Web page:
And, unlike adults, who tend to think “thinking” is a neck-up activity, young children are much more tuned into “multiple intelligences,” gathering and synthesizing information from all their senses. Divisions between mind and body are blurrier. To think—and to learn—is to move, smell, touch, see, hear.
THE THIRD TEACHER
I took this meander back to childhood after reading (make that “gulping”) The Third Teacher, a book / “collaboration project” created by:
- OWP/P Cannon Design, an American architecture firm specializing in school buildings
- VS Furniture, a Germany company with a rich century-plus history that includes working with Maria Montessori herself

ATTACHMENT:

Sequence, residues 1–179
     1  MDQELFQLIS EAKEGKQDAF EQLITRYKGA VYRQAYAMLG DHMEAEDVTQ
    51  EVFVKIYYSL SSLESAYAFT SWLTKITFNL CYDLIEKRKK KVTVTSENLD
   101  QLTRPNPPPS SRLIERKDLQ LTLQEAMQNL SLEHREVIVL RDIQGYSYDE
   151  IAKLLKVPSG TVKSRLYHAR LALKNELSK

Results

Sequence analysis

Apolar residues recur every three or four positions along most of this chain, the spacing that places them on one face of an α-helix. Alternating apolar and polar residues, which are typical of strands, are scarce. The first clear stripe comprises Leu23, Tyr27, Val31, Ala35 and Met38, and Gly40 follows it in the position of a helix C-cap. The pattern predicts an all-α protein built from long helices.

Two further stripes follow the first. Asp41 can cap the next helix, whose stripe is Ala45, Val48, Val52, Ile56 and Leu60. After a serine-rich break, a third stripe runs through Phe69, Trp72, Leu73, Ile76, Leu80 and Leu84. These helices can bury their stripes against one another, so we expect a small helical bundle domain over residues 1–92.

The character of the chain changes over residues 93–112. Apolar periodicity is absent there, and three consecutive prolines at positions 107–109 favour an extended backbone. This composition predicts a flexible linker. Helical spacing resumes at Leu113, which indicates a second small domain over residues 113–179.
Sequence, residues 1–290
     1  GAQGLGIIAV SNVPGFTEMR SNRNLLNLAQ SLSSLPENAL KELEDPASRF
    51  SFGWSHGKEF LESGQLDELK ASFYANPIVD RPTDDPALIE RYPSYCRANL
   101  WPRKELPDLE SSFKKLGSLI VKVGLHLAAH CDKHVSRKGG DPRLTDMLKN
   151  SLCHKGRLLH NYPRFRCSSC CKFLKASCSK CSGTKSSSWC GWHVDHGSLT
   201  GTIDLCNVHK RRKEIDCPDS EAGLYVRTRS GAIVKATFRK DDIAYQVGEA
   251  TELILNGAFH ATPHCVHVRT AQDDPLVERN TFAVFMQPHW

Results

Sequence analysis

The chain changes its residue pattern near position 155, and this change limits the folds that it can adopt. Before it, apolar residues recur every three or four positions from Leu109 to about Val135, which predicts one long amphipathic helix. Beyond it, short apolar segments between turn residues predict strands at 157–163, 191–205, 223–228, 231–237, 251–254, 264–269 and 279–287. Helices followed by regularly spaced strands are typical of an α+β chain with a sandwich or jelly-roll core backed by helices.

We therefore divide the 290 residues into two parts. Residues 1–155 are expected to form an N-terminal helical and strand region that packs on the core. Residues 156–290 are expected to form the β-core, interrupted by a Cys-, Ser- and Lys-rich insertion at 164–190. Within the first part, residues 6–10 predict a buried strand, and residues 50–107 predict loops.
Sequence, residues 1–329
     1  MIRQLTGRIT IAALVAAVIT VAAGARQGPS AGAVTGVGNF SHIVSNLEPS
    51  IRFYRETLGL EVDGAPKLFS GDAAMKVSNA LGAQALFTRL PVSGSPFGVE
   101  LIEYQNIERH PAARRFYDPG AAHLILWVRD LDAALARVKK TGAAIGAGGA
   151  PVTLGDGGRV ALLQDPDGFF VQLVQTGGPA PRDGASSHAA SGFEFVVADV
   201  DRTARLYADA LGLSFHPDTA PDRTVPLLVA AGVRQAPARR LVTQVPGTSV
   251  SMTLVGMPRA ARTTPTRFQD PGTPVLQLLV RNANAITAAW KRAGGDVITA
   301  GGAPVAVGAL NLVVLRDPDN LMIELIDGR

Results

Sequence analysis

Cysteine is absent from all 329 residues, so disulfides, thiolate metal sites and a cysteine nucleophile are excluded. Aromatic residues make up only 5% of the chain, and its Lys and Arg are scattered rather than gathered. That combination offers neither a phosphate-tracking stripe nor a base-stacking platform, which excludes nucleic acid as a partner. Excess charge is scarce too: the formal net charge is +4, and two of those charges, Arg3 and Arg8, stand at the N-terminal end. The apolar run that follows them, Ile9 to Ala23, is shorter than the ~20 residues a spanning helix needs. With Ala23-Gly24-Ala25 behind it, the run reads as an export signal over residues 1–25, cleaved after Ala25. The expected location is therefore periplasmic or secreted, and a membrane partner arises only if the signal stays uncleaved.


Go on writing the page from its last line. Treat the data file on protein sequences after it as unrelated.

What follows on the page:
- Bruce Mau Design, a Canada-based consultancy known for combining a “design-thinking” approach with a futurist perspective
The eponymous “third teacher” is the environment, a reference to the Reggio Emilia interactions-based approach to education: adults, peers, surroundings. School buildings and classrooms have a profound impact on how we develop and what we learn. Or what we don’t learn.
As common-sense as that sounds, it is too often overlooked, with especially dramatic and potentially tragic implications for young children.
The Third Teacher, which developed through a series of workshops in the United States, Canada, Germany and England, is split into eight sections, covering “79 Ways You Can Use Design to Transform Teaching & Learning.” It begins at the beginning with Maslow’s basic needs and a two-page spread of gobsmacking statistics:
- Students with limited classroom daylight were outperformed by those with the most natural light by 20% in math and 26% on reading tests
- Asthma is the most common chronic disorder in childhood, currently affecting an estimated 6.2 million children under 18 years of age